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Frequently Asked Questions (FAQs)


Cindy Carter
Cindy Carter, on the right, is my receptionist.  She has been with me for thirty years.  She is important and valuable. She listens for me, and she speaks for me.  Cindy is in charge of answering the phone ,making appointments and referrals,  scheduling tests,  and signing people out.  Her job is huge and rapidly paced.  Any people who are rude or uncivil to Cindy will receive a letter of dismissal from me.

Patty McCormick
Patty McCormick is my nurse. She has been with me for thirty years. She,  too, is important and valuable.  She listens for me,  and she speaks for me.  Patty is in charge of nursing duties,  the lab,  and book keeping,  in addition to keeping up with all the federal and state laws that go with these tasks.  Her job is rapidly paced,  but well done day after day after day.

Joyce Martin
Joyce Martin is newest to the practice,  and her job description is new to medicine.  She is a medical information technician,  and is in charge of gathering an enormous amount of information and placing it into the electronic medical record.  After I have reviewed the lab and x ray reports ,she will distribute the information on the phone or in letter form.  In addition,  she is what used to be called-with paper charts-"the medical record" person.  She does a great job,  and our charts score in the high 90's when graded by insurance companies.  Joyce has been with us for twelve years.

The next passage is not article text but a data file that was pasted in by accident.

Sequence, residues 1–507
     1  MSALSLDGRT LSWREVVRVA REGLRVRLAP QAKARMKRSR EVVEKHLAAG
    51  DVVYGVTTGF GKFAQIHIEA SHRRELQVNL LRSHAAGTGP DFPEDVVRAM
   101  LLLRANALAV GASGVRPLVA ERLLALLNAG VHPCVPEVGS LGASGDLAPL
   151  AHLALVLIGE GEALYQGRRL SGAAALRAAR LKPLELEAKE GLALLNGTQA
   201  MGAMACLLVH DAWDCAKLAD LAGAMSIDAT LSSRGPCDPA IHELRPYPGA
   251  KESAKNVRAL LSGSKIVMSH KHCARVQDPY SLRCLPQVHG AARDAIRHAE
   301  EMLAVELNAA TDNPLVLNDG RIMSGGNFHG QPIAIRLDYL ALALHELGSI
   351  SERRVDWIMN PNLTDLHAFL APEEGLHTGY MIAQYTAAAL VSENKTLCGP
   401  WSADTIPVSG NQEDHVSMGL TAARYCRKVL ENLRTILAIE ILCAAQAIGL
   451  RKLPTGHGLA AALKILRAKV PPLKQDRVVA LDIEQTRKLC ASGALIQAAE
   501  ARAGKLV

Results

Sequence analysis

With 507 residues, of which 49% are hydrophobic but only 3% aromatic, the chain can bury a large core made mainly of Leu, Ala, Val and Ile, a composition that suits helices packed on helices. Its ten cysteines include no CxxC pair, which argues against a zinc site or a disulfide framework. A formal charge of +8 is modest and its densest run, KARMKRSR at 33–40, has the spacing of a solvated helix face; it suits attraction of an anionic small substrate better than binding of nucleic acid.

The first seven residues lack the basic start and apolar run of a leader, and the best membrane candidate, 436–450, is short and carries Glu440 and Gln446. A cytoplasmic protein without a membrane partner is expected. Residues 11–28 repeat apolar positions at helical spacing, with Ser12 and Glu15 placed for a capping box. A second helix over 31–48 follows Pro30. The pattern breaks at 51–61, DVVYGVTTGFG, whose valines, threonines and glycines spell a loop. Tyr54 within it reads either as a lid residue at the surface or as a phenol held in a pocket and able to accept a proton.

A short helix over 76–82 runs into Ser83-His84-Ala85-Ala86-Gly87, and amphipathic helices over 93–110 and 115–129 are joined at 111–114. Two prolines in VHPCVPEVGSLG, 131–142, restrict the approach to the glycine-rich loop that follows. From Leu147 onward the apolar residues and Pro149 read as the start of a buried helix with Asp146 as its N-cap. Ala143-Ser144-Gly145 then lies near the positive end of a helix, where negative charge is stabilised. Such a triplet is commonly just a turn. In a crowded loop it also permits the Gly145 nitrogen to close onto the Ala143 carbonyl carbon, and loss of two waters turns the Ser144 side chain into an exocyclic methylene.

Matthew Markey
I have practiced in Cumming, Ga. for 39 years. I have always maintained my independence, and have never been owned, salaried, or in any hospital's back pocket.  I have kept up with the medical literature-averaging a minimum of 70 hours of formal continuing education hours a year-20 required-as well as numerous hours informally.  During 6-8 monthly rotations Emory medical students come to study at our office.  My primary interests are preventive primary care,  electronic medical records,  and the long term maintenance of chronic problems as an outpatient.  The paper work in medicine has taken a lot of fun out of medicine.  But the paper work is necessary.  There also seems to be a lot of "attitude" out there that also takes away the fun.  But it is not necessary, and it (they) will be legally and rapidly dismissed from the practice.